Officials work to ‘cure’ mail-in ballots

by Jeremy Morrison, Inweekly

While voting in the 2020 election will wrap up today, there will still be some votes to tally for a couple of days. Currently, Escambia election officials — like their counterparts elsewhere — are working to make sure that every ballot that was correctly cast by mail will be counted, and they have until Thursday afternoon to complete their work.

As Escambia County Elections Supervisor David Stafford explained recently, mail ballots that raise questions are set aside and officials work to “cure” them.

“We’re looking at roughly 200 that have been set aside,” Stafford said.

Basically, a mail ballot can be set aside — not officially rejected, but pulled — for a couple of reasons. Either the ballot is missing a signature from the voter, or the signature provided doesn’t appear to match another signature from that voter on file.

“You get more that are unsigned than ones signed with a different signature,” Stafford noted.

When a ballot is set aside by the canvassing board, attempts are made to contact the voter to resolve any question about the ballot. The voter is contacted in writing by mail, but if additional contact information is available they are also contacted by phone or email. The voter is provided with an affidavit that they must sign and return to the elections office.

“There are multiple methods to return,” Stafford said, explaining that the affidavits can be returned by mail, in-person, or by email or fax.

As mail ballots have arrived at the elections office, officials have made note of which voters had their ballots pulled for curing and this information is put into a database which political parties and campaigns have access to. This means that in addition to elections officials, political operatives are also involved in making sure voters square their in-question ballot; this is especially true in a tight state like Florida where parties and candidates are scrambling for all available votes.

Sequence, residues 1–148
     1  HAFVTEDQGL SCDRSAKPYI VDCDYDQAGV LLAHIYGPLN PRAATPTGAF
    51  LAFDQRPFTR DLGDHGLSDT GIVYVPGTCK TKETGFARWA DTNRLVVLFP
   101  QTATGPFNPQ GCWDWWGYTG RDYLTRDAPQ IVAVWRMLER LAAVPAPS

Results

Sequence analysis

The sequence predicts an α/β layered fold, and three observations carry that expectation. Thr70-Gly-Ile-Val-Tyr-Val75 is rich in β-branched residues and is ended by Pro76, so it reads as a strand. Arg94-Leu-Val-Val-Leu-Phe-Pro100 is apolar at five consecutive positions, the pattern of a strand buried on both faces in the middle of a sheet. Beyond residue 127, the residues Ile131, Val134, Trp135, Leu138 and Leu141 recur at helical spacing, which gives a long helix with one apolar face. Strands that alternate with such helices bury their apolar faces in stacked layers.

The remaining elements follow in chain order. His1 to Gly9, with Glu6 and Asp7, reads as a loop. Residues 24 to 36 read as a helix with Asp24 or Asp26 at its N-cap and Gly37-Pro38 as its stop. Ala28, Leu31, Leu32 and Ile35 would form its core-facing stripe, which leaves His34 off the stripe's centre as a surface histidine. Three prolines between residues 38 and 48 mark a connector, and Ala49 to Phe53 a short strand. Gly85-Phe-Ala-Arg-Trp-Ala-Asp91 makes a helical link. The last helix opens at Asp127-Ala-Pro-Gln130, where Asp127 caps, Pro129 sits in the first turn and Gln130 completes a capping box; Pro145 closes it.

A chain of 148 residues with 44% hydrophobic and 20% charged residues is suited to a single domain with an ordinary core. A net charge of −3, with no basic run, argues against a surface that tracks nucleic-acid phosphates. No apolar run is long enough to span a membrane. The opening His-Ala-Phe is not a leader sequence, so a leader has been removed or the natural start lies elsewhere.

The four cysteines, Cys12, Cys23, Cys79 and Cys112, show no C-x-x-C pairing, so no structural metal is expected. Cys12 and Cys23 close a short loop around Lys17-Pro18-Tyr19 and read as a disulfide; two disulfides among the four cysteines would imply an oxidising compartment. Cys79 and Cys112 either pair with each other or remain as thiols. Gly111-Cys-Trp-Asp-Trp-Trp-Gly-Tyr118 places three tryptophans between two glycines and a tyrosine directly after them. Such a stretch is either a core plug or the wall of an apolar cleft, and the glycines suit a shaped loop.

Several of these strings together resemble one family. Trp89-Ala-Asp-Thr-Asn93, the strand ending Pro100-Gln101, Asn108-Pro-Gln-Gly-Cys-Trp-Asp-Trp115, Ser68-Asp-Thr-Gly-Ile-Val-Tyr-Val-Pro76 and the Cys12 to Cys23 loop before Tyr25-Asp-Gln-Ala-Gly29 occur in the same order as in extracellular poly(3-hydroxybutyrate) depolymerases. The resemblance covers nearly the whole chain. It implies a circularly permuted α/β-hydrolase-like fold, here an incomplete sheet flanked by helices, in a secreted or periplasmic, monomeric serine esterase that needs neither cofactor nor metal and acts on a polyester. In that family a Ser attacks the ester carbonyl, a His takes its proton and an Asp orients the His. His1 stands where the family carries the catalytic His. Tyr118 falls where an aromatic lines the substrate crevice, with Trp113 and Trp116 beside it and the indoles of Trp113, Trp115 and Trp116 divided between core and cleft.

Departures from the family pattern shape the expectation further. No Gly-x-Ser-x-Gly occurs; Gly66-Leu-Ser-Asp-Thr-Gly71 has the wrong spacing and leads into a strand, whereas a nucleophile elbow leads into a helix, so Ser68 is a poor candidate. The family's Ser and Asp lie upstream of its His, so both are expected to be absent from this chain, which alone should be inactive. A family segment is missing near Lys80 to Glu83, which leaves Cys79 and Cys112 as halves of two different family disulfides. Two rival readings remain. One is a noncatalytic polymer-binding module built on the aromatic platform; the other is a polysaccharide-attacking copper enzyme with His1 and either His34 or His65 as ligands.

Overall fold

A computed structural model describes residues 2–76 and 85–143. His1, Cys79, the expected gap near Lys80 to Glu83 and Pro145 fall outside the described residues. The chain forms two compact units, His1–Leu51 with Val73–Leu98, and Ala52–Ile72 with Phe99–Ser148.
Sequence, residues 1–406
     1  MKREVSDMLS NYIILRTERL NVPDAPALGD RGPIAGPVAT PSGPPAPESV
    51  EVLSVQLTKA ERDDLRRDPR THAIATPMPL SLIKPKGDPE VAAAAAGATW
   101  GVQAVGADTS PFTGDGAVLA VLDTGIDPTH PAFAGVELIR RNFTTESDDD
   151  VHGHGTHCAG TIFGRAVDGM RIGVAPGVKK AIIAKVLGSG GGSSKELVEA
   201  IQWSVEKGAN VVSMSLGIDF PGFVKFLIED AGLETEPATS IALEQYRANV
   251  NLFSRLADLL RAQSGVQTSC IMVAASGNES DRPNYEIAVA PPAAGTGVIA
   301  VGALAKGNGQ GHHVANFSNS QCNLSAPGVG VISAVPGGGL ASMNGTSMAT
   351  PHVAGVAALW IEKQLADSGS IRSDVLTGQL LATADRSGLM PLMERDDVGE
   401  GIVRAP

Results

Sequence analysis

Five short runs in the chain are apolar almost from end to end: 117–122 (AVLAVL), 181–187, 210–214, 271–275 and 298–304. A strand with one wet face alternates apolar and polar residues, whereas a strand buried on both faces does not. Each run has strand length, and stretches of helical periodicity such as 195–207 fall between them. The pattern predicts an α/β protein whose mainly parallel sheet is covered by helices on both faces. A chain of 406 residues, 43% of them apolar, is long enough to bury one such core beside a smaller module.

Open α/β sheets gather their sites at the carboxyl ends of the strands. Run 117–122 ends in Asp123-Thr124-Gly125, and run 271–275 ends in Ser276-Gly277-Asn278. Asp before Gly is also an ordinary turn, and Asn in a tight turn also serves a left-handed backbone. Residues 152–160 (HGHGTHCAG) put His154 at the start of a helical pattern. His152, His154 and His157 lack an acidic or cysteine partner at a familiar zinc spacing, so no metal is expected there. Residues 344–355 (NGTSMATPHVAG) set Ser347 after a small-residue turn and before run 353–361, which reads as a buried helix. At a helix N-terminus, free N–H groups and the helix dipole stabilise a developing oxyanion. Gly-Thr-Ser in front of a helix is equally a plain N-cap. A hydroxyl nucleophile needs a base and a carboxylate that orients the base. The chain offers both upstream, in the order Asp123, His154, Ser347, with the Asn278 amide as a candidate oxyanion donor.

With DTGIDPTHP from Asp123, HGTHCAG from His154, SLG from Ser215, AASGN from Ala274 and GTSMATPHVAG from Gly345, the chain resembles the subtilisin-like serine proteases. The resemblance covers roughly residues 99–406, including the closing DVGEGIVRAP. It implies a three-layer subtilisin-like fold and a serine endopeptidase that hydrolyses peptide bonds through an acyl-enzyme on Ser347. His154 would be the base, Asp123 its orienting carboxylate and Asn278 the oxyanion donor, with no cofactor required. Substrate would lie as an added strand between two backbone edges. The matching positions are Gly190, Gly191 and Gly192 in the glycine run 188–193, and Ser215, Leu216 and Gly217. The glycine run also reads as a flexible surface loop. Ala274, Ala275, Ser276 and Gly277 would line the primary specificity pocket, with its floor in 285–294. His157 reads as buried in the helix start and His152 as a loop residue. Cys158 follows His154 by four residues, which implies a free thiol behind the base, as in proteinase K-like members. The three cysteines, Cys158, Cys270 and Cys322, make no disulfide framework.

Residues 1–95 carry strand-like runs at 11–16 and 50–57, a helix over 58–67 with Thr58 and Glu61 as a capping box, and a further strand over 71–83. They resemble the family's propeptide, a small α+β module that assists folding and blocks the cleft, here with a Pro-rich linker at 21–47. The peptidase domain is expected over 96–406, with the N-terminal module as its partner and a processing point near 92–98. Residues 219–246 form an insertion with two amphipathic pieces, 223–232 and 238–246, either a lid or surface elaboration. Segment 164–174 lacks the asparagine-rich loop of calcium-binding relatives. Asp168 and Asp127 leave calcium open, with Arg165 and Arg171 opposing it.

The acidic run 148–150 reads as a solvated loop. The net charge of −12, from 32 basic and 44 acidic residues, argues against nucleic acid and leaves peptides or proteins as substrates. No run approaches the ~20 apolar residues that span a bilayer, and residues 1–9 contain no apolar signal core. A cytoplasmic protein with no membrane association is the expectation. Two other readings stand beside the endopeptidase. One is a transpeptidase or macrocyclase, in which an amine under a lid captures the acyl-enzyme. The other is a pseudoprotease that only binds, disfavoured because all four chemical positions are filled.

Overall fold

If neither officials or political campaigns are able to reach a voter and verify their ballot, then that ballot goes before the canvasing board, where members work to make a final determination about any signature questions.

Stafford said that the number of ballots that are typically set aside for curing in Escambia amount to less than 1 percent of the total number of ballots cast. And also that the bulk of ultimately rejected do not stem from signature irregularities, but rather because the ballots arrive after the Election Day deadline.

“There’s always a far greater number of these,” the supervisor said.

While this ballot curing process is par for the course during any election, Stafford said he knows that this year is different. Because of the pandemic and increase in the use of mail ballots, as well as questions and concerns that have been raised about the mail-ballot process, he knows that everyone is paying a lot more attention than usual on this aspect of the election.

“Absolutely,” Stafford said. “Obviously voters are keenly paying attention to this.”

While mail ballots must be received by Election Day, officials have a bit more time to address any ballots that are being cured. Those ballots must be either cured or rejected as of 5 p.m. Thursday.

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